Review: Netgear Nighthawk X8 router perfect for NBN

    Netgear Nighthawk X8

    The latest router from Netgear is another in a growing list of NBN-focused routers. This means they’ve ditched the modem and are all about turning higher-speed connections into super-fast WiFi to power the growing list of devices around your home.

    Netgear are pitching this router to those who want the best in gaming performance, with WiFi speeds up to 5.3 Gbps and MU-MIMO support, along with Dynamic QoS, which automatically helps prioritize your gaming activity on the network.

    If you need the very best possible connection, then the X8 features no less than 6 Gigabit Ethernet ports for wired connections.

    The other key target market is for those data hungry families with plenty of devices and who are streaming-first households. If you’re always competing speed, then the Nighthawk X8 offers Tri-Band WiFi, and MU-MIMO to deliver multiple HD video streams to multiple devices to help reduce buffering and jittery video.

    One special trick the X8 has is port aggregation, which allows you to double the connection speed for 4K HD streaming. If you’ve invested in a 4KTV and are comfortable on the top tier of Netflix to take advantage of the extra pixels, the last thing you want is network congestion from holding you back.



    The router itself is engineered to be stylish, yet understated, allowing it to comfortably adorn your bench or shelves without yellow ‘look at me’.

    Inside the wavy black recangle lives a dual core 1.4GHz processor and 512 MB RAM, not so long ago these were the specs of the computer on your desk.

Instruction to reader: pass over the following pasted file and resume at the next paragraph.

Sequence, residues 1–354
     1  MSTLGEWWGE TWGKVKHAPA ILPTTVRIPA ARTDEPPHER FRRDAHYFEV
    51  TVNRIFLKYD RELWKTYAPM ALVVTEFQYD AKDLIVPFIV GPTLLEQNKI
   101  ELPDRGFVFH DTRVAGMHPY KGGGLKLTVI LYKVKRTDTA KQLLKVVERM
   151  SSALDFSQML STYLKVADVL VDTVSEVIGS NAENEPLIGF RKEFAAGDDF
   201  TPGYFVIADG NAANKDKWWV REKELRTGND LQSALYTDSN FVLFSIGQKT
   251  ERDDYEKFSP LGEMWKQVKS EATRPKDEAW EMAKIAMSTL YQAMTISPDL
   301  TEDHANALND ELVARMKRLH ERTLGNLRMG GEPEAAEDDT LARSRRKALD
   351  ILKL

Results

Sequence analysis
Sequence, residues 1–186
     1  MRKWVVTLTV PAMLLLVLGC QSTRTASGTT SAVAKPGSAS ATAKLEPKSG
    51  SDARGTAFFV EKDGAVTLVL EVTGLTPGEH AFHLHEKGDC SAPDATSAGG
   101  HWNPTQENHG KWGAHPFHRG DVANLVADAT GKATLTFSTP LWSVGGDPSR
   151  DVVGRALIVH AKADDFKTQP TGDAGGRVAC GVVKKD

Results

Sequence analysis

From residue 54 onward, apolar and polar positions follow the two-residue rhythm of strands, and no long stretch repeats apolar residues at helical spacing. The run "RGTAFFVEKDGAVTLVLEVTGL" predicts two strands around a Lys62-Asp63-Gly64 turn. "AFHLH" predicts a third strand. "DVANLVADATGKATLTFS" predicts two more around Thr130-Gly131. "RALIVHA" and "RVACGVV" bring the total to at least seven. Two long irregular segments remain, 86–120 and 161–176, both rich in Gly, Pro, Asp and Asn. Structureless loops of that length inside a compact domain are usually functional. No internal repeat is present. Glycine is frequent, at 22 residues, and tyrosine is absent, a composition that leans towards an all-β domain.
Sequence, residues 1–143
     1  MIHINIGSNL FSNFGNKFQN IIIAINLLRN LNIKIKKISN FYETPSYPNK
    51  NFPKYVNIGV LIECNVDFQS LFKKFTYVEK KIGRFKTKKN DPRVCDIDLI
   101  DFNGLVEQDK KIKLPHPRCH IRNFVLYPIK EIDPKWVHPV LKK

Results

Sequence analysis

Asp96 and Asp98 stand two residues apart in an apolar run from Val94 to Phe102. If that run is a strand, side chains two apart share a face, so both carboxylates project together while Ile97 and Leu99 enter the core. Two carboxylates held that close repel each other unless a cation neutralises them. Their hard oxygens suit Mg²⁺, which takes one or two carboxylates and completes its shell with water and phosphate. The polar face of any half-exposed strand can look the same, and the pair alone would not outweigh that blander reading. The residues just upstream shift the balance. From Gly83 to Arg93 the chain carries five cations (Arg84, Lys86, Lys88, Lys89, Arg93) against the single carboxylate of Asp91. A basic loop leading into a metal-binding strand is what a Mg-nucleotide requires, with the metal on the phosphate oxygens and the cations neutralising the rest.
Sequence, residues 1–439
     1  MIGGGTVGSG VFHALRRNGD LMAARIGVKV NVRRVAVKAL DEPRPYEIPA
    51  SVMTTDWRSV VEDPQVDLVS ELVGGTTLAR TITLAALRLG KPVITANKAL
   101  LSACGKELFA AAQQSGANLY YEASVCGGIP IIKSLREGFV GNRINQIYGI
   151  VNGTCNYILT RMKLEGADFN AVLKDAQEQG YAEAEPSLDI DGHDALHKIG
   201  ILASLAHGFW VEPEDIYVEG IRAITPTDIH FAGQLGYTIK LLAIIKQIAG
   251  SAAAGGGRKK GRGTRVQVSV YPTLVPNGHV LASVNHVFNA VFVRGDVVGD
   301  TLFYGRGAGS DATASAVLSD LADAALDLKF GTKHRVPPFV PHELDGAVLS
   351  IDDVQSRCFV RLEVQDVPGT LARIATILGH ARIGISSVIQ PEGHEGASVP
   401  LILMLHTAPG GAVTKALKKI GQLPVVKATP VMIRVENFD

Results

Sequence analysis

While the back of the router has 4 pretty substantial antennas, there’s also another 4 inside the case that combine for pretty stunning WiFi broadcasting. This makes the X8 perfect for larger homes that can often struggle to get the WiFi signal to reach everywhere.

    Netgear have done something most manufactuers don’t, they considered what the device is like to live with. Practically, they know that not everyone wants their kitchen bench lit up like a blue Christmas tree every night and conveniently provided a LED button on the front to easily disable the lights. This feature is certainly appreciate and something I wish more would offer.

    On the side of the router lives a small fold down flap that allows you to connect is a file sharing devices to a USB 3.0 or a USB 2.0 port. Understanding that these shares are often temporary, the location of these ports are convenient and well thought through. I did expect that in 2016 and for the price, these would both be USB 3.0 by now.


    The software interface to your Nighthawk X8 is certainly on of the better interfaces we’ve used. Not only does it service the needs of basic and advanced users, options are fit into a perfectly logical structure.